Sunday, January 08, 2017

 

[Draft] Download to Ciphered File -- Tool Not Found

"Cloud storage" --redundant (or not) -- has become popular over the past five or more years. This provides a certain workstation independence, access to one's data from any connected device (phone, PC, television set), continuity if one loses one's phone, tablet, computer. But it also provides vast collections of information one would like to keep private, and others might like to copy or take hostage, stored "somewhere" one has never been. Let's neglect, for now, the "take hostage" aspect, assuming Google, Microsoft, Box, Dropbox, hubIC, iCloud and others take sufficient precautions to ensure that user data is backed up and can be restored after any event of malicious "ransomware" ciphering or similar attack.  How does one make sure (as sure as possible) that what one stores in "the cloud" remains confidential?

Let us acknowledge  that breaches of cloud storage providers have also occurred, as these stores have become more attractive to cyber-burglars. For the most part, these breaches have acquired passwords and useful login information; sometimes more, like payment card information and electronic correspondence; sometimes much more (like the OPM breach[FIXME]). Storage in "the cloud" (i.e. someone's Internet-connected computer) is safer if what one stores is ciphered and very hard for others to read; ciphering does not prevent piracy and a degree of theft, but it does improve privacy. So how does one cipher one's files before storing them in "the cloud"?

Some storage providers, such as rsync, encourage and claim to expect clients to cipher their content before sending back-up copies to remote storage; enveloc, I believe, provides the ciphering (AES256?) as part of the transfer-to-storage mechanism for their commercial clients. One can use BitLocker or alternative (non-Windows) systems to have ciphered disks or partitions, but aren't files stored in this way automatically deciphered before transfer to cloud storage? How should one store ciphered files one want to keep ciphered, even during replication, until use?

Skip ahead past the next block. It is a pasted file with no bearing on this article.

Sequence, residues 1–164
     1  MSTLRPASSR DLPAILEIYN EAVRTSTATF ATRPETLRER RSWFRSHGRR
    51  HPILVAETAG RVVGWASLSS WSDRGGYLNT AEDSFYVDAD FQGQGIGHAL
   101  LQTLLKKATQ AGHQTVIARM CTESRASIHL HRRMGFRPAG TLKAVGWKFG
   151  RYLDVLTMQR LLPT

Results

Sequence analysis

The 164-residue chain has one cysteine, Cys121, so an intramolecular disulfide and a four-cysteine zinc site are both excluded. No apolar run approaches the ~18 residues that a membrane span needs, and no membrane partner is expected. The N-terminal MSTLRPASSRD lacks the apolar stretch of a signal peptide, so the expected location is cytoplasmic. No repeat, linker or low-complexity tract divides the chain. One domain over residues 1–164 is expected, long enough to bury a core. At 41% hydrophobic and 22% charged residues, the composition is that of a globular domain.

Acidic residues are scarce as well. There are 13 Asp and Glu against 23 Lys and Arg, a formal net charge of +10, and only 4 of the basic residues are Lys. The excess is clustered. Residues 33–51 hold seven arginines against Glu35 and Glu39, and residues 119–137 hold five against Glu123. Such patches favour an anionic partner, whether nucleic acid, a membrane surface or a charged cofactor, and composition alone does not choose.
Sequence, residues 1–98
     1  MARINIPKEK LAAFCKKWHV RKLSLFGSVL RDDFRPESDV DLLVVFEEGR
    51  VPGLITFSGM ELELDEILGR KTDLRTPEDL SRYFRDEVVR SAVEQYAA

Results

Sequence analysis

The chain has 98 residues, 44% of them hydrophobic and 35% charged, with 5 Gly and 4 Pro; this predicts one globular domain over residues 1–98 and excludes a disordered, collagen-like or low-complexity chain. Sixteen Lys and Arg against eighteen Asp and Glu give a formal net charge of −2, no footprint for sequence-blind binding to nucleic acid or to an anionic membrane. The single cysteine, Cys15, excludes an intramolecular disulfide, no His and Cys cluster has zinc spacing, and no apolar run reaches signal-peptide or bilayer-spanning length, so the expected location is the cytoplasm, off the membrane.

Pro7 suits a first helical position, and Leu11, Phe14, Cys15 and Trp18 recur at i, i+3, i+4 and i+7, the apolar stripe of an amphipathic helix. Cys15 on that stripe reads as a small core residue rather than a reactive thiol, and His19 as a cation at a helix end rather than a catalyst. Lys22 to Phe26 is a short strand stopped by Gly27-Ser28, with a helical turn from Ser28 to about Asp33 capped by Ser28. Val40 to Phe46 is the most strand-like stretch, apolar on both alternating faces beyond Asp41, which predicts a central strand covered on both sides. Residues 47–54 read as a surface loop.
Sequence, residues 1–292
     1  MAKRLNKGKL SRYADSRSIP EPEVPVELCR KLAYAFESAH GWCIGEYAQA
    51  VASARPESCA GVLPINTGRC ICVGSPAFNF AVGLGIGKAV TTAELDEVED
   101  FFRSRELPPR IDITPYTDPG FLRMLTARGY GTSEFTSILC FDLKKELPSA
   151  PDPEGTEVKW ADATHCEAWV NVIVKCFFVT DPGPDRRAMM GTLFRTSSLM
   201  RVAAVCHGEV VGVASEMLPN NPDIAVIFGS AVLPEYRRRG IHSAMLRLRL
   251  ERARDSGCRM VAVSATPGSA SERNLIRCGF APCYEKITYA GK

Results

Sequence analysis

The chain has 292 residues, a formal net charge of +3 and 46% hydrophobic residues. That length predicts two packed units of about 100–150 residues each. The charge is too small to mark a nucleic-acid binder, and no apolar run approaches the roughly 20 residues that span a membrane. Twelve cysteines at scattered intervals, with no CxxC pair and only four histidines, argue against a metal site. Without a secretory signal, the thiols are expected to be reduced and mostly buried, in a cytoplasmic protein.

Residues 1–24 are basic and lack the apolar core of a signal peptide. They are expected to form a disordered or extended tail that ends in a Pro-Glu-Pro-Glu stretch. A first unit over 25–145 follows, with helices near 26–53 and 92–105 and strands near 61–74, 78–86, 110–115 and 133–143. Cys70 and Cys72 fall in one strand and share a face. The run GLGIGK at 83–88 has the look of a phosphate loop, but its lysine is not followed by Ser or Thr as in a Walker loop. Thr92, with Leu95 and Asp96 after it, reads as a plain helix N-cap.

One's bank statements, for instance: how might one automatically save one's downloaded bank statements (or sextapes, heh heh) to a ciphered, less-vulnerable file?  Available locally (to decipher when wanted), to move or replicate to the cloud for safekeeping.  The browser typically uses https for the transfer from the bank to one's terminal, which is pretty fine, but then deciphers and saves an ordinary file. One should cipher (encrypt) such files (then remove traces of what was first saved --how?), particularly if one is going to keep back-up replicates of the file in the "cloud". Wouldn't it be nice if the browser fed the downloaded file into a ciphering engine (such as gnupg) or itself re-ciphered with AES or another symmetric key cipher on the way to saving locally? That would be safer, and more convenient for automatic copies to redundant storage.


I have used emacs with GnuPG to edit and to store ciphered files, which works fine for locally-created files almost all of the time--it did hang once during a save of changes I did not want to lose. But this incident notwithstanding, it is the reference for me of pipelining ciphering. I ask emacs to open a .gpg file, it calls GnuPG to prompt me for the pass phrase, it then receives the deciphered file from GnuPG (I suppose) after I enter the pass phrase correctly. And then when I save (changes) it hands the stream off to GnuPG to cipher and record.

What I would like is simply a browser extension to which I could pipeline a downloaded file to cipher with a key I would provide and method I would choose, prior to writing to storage. Like the way emacs will write a gpg file using gnupg when called to save a file. Then I would have files I could easily and confidently back up off-site, and confidently leave on my computer.



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